Tender Loving Care: Soothing and Solving Baby Skin Conditions

Babies’ skin is fragile, sensitive and still adjusting to the shock of the new – life outside the womb. Here are some common problems and solutions.


Problem: Since a baby’s outer layer of skin is thin and the sweat gland function is not fully developed, the skin becomes easily dehydrated in environments such as airconditioned rooms or in dry, hot or cold weather.

Solution: Besides commonsense measures such as wearing mittens and protective infant clothing, avoid bathing your baby with alkaline cleansing liquids and choose a baby skin care product with a moisturising ‘lock’ effect to prevent roughness and chapping.

Problem: In warm environments, or due to wearing excessive clothing, sweat can accumulate on a
baby’s skin and cause small raised rashes. These mostly appear on the forehead, neck, back, armpits and chest.

Solution: Gently wash the affected areas with a baby cleanser, avoid excessive swaddling and plastic mattresses. Make sure your baby’s room is well ventilated, and choose loose, cotton clothing.

Problem: Diaper rash, or nappy rash, is caused by prolonged contact with urine and stools. It can be very painful for babies and distressing for parents. Humidity, enzymes in the stools and the highly acid pH of urine may cause irritation or skin lesions. It can be compounded by nappy friction, which can weaken the skin’s protective layer, and other factors such as medication, gastroenteritis, teething and allergies to hygiene products.

Solution: Leave your baby’s buttocks uncovered to the air to facilitate healing. For bright red skin, you can apply eosin to cleanse and dry the irritated area. Apply a specific cream for changing nappies, ideally a hypoallergenic one, or a water-based paste to repair and soothe the irritation. Make sure you change your baby frequently to prevent excessive contact with a dirty nappy.

Problem: Babies prone to eczema, also known as atopic dermatitis, can break out in rashes anytime, anywhere. A wide range of triggers includes exposure to wind, heat and even woolen clothing. Eczema usually erupts in red and dry patches, sometimes accompanied by small blisters, which later form itchy scabs. These commonly appear on baby’s cheeks, elbows, knees, and body parts. After two years of age, it more commonly occurs on the neck and in the folds of the hands and feet.

Solution: Since eczema spans a vast range of triggers and symptoms, there is no one-size-fits-all remedy. A general rule-of thumb is to keep your baby’s skin well-moisturised, to strengthen its barrier function. There are many tried and tested products on the market. If little or no relief is attained, be sure to consult a doctor.

Problem: Milk rash is a red facial rash that is common among newborns and infants during the first few months of life. Small, white pimple-like bumps typically appear on the face, shoulders and tops of arms. These bumps, known as ‘milia’, may also spread to the arms, torso or genitalia.

Solution: Milk rash will usually disappear within a few weeks on its own, but it can help to keep the affected area clean and dry. If the rash persists, your baby could have a more serious condition, like an allergy to cow’s milk or another newly introduced food.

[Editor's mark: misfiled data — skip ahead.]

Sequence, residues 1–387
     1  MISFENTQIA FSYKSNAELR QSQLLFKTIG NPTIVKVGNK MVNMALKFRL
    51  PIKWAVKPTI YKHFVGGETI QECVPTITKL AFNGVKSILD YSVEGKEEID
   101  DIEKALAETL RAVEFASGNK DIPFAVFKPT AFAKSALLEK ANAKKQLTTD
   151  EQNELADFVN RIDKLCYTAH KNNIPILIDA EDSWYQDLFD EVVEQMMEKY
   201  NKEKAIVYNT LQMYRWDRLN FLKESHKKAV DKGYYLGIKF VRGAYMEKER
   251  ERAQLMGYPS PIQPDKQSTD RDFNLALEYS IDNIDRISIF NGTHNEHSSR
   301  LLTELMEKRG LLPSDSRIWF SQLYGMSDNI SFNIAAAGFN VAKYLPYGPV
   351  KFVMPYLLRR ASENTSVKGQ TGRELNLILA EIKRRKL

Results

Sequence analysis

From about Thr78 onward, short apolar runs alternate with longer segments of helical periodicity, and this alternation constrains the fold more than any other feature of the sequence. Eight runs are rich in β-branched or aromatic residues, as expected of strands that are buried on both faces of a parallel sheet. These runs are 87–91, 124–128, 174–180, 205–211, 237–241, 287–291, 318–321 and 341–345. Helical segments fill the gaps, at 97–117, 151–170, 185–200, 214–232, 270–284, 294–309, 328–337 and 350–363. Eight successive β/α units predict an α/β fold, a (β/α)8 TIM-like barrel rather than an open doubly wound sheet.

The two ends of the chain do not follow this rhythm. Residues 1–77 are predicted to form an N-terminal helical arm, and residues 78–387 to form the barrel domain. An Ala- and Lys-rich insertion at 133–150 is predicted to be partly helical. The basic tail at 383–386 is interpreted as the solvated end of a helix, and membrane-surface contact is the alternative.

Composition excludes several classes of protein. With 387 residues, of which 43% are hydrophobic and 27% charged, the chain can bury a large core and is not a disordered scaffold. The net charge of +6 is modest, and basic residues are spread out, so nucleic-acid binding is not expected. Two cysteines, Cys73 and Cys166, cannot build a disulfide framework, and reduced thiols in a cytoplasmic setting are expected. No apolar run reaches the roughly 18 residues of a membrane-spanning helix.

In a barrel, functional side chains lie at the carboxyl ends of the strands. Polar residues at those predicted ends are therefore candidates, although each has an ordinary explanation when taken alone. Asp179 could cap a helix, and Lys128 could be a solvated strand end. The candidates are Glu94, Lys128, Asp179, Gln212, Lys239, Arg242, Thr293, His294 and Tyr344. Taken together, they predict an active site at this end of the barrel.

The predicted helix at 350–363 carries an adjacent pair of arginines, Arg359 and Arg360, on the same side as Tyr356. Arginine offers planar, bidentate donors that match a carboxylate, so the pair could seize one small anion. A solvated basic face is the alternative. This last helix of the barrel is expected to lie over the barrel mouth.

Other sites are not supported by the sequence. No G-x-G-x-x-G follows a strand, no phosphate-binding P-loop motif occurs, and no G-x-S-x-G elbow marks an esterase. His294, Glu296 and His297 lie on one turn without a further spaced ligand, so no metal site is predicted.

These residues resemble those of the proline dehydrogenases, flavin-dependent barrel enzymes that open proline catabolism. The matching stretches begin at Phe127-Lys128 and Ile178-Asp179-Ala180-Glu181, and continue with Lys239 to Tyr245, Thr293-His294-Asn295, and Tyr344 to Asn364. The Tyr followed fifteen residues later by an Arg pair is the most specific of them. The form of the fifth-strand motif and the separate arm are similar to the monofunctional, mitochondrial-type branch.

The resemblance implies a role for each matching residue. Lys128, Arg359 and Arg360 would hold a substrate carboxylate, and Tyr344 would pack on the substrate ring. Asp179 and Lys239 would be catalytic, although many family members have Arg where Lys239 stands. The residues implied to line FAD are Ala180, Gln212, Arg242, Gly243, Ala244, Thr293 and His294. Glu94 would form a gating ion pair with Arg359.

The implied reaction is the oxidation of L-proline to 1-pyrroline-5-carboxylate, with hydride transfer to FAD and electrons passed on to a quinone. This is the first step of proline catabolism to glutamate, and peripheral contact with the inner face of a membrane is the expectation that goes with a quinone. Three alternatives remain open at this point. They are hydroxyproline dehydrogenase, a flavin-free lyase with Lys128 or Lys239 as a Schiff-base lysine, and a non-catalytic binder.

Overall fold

Problem: Also called Seborrheic Dermatitis, cradle cap is very common in infants. It resembles scales (thick, ugly plaques) which form a kind of scalp dandruff, which can detach completely on rubbing. Often yellow and oily, these scales, often found on the scalp, can also develop on the baby’s face or body. They are the result of over-production of sebum.

Solution: Cradle cap is harmless and generally disappears after a few months. To hasten its departure, you can apply sweet almond oil directly on the baby’s scalp. Over time, this will soften the scales and make them easier to remove by washing with a gentle baby shampoo. Never scrape the scales, as it can cause bleeding and infection.

If over-the-counter remedies bring little or no relief after two or three days, or when baby’s sleep is disrupted, you should consult a doctor. Likewise, if signs of fever and infection are present, including heat, tenderness, cracking, bleeding, oozing pus and red streaks extending from the affected area, you should always seek medical advice.

Sometimes parents may unintentionally aggravate their babies’ skin conditions by excessive bathing, or by using the wrong products.

It is generally recommended that babies are bathed only once or twice a day with gentle products that are specially formulated for babies. Since babies are indoors most of the time, short and quick baths in the morning and once in the late afternoon or early evening should suffce. If your baby perspires or needs cleansing between baths, a quick wipedown with Micellar Water should do the job.

Compared to adults, babies have a very large skin area to weight ratio, so any products that are absorbed by a baby’s skin will have a more concentrated effect than for an adult. Baby products are generally broken down into smaller molecules for easy absorption and cleansing, and are gentler than products for adult use.

In short, apply common sense, tender loving care and use only products that have been especially formulated for baby skin.

This article is written in collaboration with Biolane. Click here to learn more about the baby hygiene specialist from France.

This article is taken from our My Alvernia Magazine Issue #34. Click here to read the issue on our website or on Magzter